The price of our dollar is another huge competitive advantage for us, and it’s stabilized now. I always say that I never want to count on that as a competitive advantage; I want to use it as a bonus. I want us to be competitive no matter what the currency happens to be at or what commodity prices are at. But the fact of the matter is, right now the price of the dollar is at I think, traditionally, the level we expect it’s going to be at for some time. So that’s a huge competitive advantage for us.

Our health care system is another huge advantage. Ray Tanguay has indicated that it’s about a $500 value per car—I’d have to check that particular figure. It’s a huge competitive advantage for us, especially vis-à-vis the US and somewhat with Mexico as well. We often don’t talk about that when we’re talking about all-in costs. We can’t just talk about the price of labour. We’ve got to talk about your all-in costs, because after all, that’s what a shareholder for those companies that are looking to invest is interested in. How much investment are you going to bring back? How much revenue are you going to earn? If you’re not talking about all-in costs, then it’s only a partial indication.

Cost of energy is something that traditionally we don’t talk about as a competitive advantage. I don’t see it as such. I see it as something we’re holding our own on. The indications are and the information that we have would suggest that we’re about in the middle of the road now when it comes to comparing US states and definitely Mexico—

The Chair (Ms. Cheri DiNovo): Minister, you have about five minutes left.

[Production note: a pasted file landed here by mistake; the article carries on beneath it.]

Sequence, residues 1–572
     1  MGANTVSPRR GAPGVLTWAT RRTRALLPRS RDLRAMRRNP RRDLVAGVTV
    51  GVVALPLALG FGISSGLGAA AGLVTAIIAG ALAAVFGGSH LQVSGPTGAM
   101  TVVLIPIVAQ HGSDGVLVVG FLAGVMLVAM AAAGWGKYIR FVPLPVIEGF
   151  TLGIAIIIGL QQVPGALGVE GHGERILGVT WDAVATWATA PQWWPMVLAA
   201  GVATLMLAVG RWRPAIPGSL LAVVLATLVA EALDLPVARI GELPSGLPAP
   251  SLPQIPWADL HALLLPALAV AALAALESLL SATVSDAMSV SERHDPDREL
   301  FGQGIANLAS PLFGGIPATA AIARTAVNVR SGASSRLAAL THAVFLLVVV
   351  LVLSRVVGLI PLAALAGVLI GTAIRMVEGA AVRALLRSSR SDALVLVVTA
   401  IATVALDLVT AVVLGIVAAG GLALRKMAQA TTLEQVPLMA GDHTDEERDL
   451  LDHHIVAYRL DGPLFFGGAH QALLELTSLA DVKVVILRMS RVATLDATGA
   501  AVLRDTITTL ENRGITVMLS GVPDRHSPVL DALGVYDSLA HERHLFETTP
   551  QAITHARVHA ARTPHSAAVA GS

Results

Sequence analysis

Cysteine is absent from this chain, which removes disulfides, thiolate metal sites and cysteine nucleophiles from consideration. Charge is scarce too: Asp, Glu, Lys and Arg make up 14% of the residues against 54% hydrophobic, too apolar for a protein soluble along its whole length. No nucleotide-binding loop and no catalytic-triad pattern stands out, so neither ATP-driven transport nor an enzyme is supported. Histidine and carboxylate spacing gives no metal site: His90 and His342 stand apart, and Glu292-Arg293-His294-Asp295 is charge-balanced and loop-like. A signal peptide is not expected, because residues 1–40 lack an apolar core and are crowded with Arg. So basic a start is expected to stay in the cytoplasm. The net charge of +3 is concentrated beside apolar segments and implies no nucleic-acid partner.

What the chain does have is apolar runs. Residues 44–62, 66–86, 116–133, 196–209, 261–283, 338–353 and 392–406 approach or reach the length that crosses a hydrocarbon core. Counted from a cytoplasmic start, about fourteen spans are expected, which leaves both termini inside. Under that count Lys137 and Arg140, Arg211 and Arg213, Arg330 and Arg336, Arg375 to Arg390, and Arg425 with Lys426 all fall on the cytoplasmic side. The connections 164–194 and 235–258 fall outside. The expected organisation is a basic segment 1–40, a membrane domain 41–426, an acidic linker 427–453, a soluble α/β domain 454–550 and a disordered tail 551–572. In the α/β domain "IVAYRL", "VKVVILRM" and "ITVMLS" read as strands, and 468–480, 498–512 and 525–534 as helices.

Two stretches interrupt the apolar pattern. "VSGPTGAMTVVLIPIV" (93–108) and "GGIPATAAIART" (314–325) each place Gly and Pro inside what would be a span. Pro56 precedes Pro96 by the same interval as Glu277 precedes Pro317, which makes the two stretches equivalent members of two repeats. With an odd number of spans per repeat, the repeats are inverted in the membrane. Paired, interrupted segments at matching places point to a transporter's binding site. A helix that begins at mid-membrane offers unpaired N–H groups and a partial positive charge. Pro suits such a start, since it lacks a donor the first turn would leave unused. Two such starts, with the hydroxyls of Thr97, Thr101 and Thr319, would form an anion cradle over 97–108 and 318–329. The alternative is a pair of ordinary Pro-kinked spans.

Hon. Brad Duguid: Oh, okay; that’s good—but the fact of the matter is we’ve made a lot of the investments that the US economies now have to make. By getting off of coal, as challenging as it was and in some ways costly, as it has to be—because coal is really cheap. There’s no question: Coal is the cheapest way to provide power. But by getting off of coal, we are now ahead of the curve. We’ve incurred those costs in our energy system. Other jurisdictions that are moving off of coal—and they are, in the US; that’s something that’s going to be a competitive disadvantage that they’re going to face. The cost curve now for those jurisdictions is higher than the cost curve now for this jurisdiction, which is something that businesses understand and appreciate.


The other area where we’re extremely competitive, and we can be very proud of this: We make the best-quality cars anywhere in the world today. It’s easy for the minister to say that; obviously, we’re biased. But the J.D. Power awards are really what tell the story. The J.D. Power awards are the awards that are given out to the best-quality plants in the world, particularly in North America. Ontario has won 29; Kentucky has won 13; Michigan has won 11; Ohio has won seven. Mexico has won three—three. We’ve won 29—almost 10 times more.

When you look at the jurisdictions that I’ve talked about that have won these things, they’re generally all in that upper state-Ontario cluster. We are really one big auto cluster, when you think about it. That’s something that we want to continue to remind investors: “If you really are concerned about quality, you’d better think twice before you make investments in jurisdictions that don’t have a great reputation for that.”